This week is Banned Books Week, and we at Seven Stories have put together a list of challenged titles we’re proud to publish and support.
First, Cory Silverberg’s book Sex is a Funny Word, written for children ages 8-10, has received a Stonewall Book Award honor, was included on the Rainbow Project Book List, and was an ALA Notable Children’s Book. It is also one of the top banned books in the country. In 2018, Banned Book Week coordinator Betsy Gomez speculated why on the American Library Association Office for Intellectual Freedom’s blog:
In a country where sex education remains an eternally contentious subject, it’s no surprise to see Cory Silverberg and Fiona Smyth’s award-winning Sex Is a Funny Word on ALA’s top ten challenged books list. It landed in the number six spot after would-be censors trotted out the specter of sex education fueling interest in the act by claiming that the book would make children “want to have sex or ask questions about sex.”
Nevertheless, Gomez notes that “the book has been widely praised for showcasing diverse bodies, abilities, and gender identities and for honestly addressing sex and sexuality as it pertains to youth.”
What Makes a Baby, the first book by Cory Silverberg and illustrated by Fiona Smyth, won a Lambda Literary Award. It covers conception through birth and includes all types of families, orientations, and identities and is geared toward preschoolers to age 8. The next book in the series for ages 13 and up will be called You Know, Sex, and will be published in Spring 2022.
Are Prisons Obsolete? by Angela Davis also has a history of being challenged, particularly for incarcerated populations. Many books that are critical of the prison system are put on banned book lists or an excessively restricted reading lists. Are Prisons Obsolete? landed on such a list in Kansas, which was revealed by the Human Rights Defense Center in 2019.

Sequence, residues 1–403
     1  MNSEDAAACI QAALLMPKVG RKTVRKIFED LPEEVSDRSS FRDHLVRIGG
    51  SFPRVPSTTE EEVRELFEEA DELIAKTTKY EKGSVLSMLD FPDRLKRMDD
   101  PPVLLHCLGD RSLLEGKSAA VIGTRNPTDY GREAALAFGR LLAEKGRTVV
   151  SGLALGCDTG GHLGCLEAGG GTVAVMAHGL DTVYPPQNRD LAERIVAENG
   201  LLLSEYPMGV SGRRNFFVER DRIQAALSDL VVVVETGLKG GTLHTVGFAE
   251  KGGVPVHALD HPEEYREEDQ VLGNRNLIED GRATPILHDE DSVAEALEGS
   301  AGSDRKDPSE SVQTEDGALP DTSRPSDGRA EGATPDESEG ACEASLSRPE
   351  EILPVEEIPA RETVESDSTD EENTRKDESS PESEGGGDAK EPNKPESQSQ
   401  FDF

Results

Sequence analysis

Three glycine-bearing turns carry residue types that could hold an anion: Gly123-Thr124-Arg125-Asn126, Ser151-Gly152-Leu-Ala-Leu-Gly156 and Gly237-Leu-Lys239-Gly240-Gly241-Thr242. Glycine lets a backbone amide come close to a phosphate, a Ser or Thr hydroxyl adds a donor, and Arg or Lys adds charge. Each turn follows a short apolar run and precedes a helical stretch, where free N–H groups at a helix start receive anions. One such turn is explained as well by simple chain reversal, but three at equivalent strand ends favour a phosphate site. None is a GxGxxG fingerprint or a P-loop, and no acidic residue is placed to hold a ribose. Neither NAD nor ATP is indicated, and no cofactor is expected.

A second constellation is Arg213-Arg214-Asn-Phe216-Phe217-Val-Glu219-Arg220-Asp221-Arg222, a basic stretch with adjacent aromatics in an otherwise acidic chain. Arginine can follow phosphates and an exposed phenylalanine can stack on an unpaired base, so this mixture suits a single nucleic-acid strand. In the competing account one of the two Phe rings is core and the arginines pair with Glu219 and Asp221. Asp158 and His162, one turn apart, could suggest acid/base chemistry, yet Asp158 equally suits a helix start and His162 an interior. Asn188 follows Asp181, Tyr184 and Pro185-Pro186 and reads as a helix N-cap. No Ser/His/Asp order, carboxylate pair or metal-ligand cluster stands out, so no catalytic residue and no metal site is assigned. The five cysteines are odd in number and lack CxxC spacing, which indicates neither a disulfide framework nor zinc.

In 2017, Arkansas representative Kim Hendren proposed a bill to ban all books by Howard Zinn and any book that even referenced his work from libraries and schools. The bill was eventually defeated by the Arkansas House’s education committee and resulted in more librarians and teachers being introduced to Zinn's books and adopting them in classrooms. This includes A Young People's History of the United States, which is one of our bestselling titles in the academic marketing to this day.
In Ohio, a father tried unsuccessfully in 2020 to get Marcus Ewert's children's book, 10,000 Dresses banned from Columbus School District libraries. A school board committee reviewed the book after receiving the complaint from the parent of a 6 year old who brought the book home from school. The book was reinstated. 10,000 Dresses is about a transgender girl who loves to wear and design creative and elaborative dresses.
Edward Joseph Kelly, Mayor of Chicago, banned Nelson Algren's 1942 book Never Come Morning from the Chicago Public Library when it was first published. The Polish American community had complained that it was Nazi propaganda and the FBI investigated Algren as a result. The ban remained in place until the mid-1960s.
And finally Hello Cruel World: 101 Alternatives to Suicide for Teens, Freaks and Other Outlaws by Kate Bornstein, wittily shares personal and unorthodox methods of survival for teens (and anyone).
On PEN Canada’s blog, S. Bear Bergman writes about why he wishes he had access to the book when he was younger:
Adults find Hello Cruel World upsetting, and now that I’m a parent I understand a little better why they might. If you’ve never had similar feelings yourself, or if plenty of time has passed since you did, it’s hard to imagine a child (or any person) feeling so close to the end of their rope. Hello Cruel World has often been challenged, or put “behind the counter”, for this very reason—because the very words that can be a balm if you feel invisible, futureless, or just plain lonely, seem extreme when you don’t.
See more banned books below, and see the full list on Edewleiss here.